• Several studies have shown a link between natural habitat destruction and greater risk of zoonotic diseases. Pathogens thrive where there are changes in the environment, like deforestation, and natural ecosystems are under stress from human activity and climate change.  
  • Warming of 2-3°C is estimated to increase the number of people at risk of malaria by up to 5 percent globally, or more than 150 million people.

  • Climate change could increase the burden of diarrhea by up to 10 percent by 2030 in susceptible regions, such as South-East Asia.


The combined effects of higher temperatures, increasing rainfall volatility and weather extremes have dire impacts on crops. In the extreme, climate change can result in complete crop failure. 

  • For these reasons, undernutrition (the outcome of insufficient food intake and repeated infectious diseases) has been identified as the largest health impact of climate change in the 21st century.
  • A 6% decline in global wheat yields and 10% decline in rice yields is expected for each additional 1°C rise in global temperature, with substantial impacts on undernutrition and stunting in food-insecure or poor regions. An additional 7.5 million children are expected to be stunted by 2030, 4 million of whom are expected to be affected by severe stunting, increasing to 10 million children by 2050.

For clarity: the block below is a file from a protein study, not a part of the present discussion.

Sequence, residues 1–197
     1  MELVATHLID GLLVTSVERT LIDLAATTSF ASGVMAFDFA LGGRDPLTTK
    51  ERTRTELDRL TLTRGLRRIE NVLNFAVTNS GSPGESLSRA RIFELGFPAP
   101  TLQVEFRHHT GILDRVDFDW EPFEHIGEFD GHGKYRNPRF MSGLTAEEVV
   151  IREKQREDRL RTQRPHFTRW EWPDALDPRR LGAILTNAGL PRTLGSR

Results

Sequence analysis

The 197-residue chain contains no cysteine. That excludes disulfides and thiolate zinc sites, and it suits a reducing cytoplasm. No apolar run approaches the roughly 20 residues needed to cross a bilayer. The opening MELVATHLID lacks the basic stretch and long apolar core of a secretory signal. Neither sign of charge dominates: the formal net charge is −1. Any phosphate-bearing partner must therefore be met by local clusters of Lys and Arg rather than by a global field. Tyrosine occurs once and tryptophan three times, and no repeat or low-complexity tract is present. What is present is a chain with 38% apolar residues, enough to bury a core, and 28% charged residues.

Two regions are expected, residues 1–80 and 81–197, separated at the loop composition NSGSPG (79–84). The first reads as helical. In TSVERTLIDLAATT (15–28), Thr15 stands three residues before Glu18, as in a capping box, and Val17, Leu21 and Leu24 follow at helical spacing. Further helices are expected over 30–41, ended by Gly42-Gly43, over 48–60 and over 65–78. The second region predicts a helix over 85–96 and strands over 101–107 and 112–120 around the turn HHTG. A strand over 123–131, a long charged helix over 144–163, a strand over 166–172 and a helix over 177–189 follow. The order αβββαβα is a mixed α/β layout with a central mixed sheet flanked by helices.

The impacts of weather-related disasters on the health of people expand beyond mortality and include injuries, mental health issues, the spread of disease, food, and water insecurity, and limited access to healthcare and other basic services. 

  • Of all of deaths from weather, climate, and water hazards, 91% occurred in developing economies, according to the United Nations country classification from 1970 through 2019.

  • A growing literature on the links between climate change and mental health has begun to examine the direct and indirect causal pathways that impact mental health, including the psychological consequence of disasters and economic losses on mental health, drought and farmer suicide, migration and forced displacement, and physical illness.